But….I’m from (fill in the blank)

It would be safe to say that I teach in a considerably-less-than-affluent part of town. The other day, I was reviewing a quiz and on a particular question and I asked those who got it wrong if they understood why. I had one student say ‘because we go to <name of the school>’.

Some backstory might be appropriate, but you can probably guess where I’m going before I even get started. Traditionally, this has been a low-performing school in the district. This is my first year at this school, but from what I understand there was little in the way of expectations placed on the students from some of the teachers. So, the reaction to the school’s test scores in the last few years seemed to be ‘Well, that’s just the students we have to work with’.

(Probably a good time for a disclaimer…as stated above, this is my first year at this school and this analysis/opinion is purely my own and is based only on my observation and from various conversations I have had.)

My response to that student (and to any teacher or administrator who simply accepts scores because of surroundings), while inappropriate, is heartfelt:  ‘Bullshit.’

Now, look, I am not going to sit here and tell you that their surroundings at home or other factors do not affect a student’s school performance. Middle/high school teachers have as little as 45 minutes per day to make some kind of positive impact…which leaves 23 hours and 15 minutes for any other kind of impact. But we, as educators, must continually make our expectations clear. We must tell them, literally every day, that they can be just as successful as some kid from the northside. They may not believe it today, or next week, or next month or even by the end of the year. But if they hear it enough and from enough people maybe, just maybe, they can start believing in themselves.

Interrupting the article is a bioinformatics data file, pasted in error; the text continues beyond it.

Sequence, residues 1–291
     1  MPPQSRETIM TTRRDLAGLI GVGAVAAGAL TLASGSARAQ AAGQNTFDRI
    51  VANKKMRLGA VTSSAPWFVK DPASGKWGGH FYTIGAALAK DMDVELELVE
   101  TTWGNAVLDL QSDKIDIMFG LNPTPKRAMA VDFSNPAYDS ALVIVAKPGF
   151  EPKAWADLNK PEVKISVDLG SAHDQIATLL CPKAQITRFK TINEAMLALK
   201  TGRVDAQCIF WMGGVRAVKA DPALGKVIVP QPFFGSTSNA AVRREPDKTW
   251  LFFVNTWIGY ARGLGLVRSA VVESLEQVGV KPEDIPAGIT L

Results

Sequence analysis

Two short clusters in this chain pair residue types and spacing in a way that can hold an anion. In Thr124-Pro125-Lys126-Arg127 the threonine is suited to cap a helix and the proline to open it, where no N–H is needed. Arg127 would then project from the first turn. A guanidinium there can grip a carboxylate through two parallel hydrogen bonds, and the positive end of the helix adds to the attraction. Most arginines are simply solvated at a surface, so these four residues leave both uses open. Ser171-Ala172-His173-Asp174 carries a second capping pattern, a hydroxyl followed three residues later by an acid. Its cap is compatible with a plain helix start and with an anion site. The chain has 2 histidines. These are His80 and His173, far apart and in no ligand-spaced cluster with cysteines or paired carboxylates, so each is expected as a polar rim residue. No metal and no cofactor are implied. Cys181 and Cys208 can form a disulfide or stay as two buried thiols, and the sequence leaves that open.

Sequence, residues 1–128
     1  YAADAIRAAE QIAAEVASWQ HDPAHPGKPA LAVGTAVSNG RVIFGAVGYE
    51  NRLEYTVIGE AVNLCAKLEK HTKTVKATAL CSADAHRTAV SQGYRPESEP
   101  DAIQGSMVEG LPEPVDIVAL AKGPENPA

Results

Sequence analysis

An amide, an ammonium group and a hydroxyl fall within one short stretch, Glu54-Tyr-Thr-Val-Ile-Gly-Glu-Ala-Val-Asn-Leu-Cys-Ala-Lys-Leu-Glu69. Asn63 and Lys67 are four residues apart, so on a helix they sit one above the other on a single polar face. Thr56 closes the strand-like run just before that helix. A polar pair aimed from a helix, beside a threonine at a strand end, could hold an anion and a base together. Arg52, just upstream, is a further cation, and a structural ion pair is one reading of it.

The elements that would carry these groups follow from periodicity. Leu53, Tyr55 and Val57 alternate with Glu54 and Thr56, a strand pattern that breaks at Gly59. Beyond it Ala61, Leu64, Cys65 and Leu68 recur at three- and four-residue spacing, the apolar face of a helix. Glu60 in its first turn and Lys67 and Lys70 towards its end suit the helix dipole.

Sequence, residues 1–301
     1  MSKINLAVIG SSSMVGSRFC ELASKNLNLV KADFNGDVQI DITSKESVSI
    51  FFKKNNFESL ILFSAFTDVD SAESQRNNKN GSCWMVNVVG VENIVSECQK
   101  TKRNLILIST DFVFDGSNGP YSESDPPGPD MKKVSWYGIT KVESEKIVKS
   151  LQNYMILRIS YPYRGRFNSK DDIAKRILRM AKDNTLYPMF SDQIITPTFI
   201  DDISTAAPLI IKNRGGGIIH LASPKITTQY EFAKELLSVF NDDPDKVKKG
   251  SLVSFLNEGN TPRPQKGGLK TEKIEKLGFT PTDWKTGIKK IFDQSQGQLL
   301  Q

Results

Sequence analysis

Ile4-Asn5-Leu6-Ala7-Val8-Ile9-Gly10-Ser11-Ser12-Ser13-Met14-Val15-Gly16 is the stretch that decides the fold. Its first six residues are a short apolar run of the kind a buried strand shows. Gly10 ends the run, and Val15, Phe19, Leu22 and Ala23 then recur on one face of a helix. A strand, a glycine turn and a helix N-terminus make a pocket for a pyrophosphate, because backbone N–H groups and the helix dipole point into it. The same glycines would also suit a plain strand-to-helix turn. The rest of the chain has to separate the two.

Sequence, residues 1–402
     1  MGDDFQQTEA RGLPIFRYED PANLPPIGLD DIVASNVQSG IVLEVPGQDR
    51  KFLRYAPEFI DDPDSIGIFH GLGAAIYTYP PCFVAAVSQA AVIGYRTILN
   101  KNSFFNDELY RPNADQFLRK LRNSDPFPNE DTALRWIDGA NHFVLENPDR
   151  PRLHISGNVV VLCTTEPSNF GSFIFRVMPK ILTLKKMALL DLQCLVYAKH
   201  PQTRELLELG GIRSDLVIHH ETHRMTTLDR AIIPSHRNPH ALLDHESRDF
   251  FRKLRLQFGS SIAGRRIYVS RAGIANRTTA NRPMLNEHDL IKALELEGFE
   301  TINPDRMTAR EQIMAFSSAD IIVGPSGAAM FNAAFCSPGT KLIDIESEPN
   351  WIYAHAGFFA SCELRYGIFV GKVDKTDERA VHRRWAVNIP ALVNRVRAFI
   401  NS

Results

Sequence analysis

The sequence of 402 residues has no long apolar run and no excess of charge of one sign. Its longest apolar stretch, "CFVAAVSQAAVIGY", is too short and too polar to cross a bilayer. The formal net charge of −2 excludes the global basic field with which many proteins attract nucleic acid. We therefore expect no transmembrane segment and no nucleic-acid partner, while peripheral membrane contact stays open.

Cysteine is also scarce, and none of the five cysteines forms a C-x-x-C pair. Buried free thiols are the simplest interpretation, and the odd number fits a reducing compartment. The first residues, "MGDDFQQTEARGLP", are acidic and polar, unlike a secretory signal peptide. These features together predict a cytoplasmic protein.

And that, ladies and gentlemen, is the first key step to learning and education. If we convince students that they can, then, in all likelihood, they will.


One comment

  1. We are fighting that mentality at our school right now. There is a particular teacher who makes excuses for her students, rather than hold them to high expectations, regardless of their abilities or documented ‘disabilities’. I have not actually confronted her, because she’s not actually under my supervision, but I suspect that her feelings toward these students is, “haven’t they been through enough?”

    I understand that her heart is in the right place, but she is not preparing the students for the wider world. HEB is not going to put them on an IEP when they’re hired and expect less work or a lower quality of work.

    Thank you for not accepting the excuses and helping the students find out not WHY they can’t, but HOW they can.

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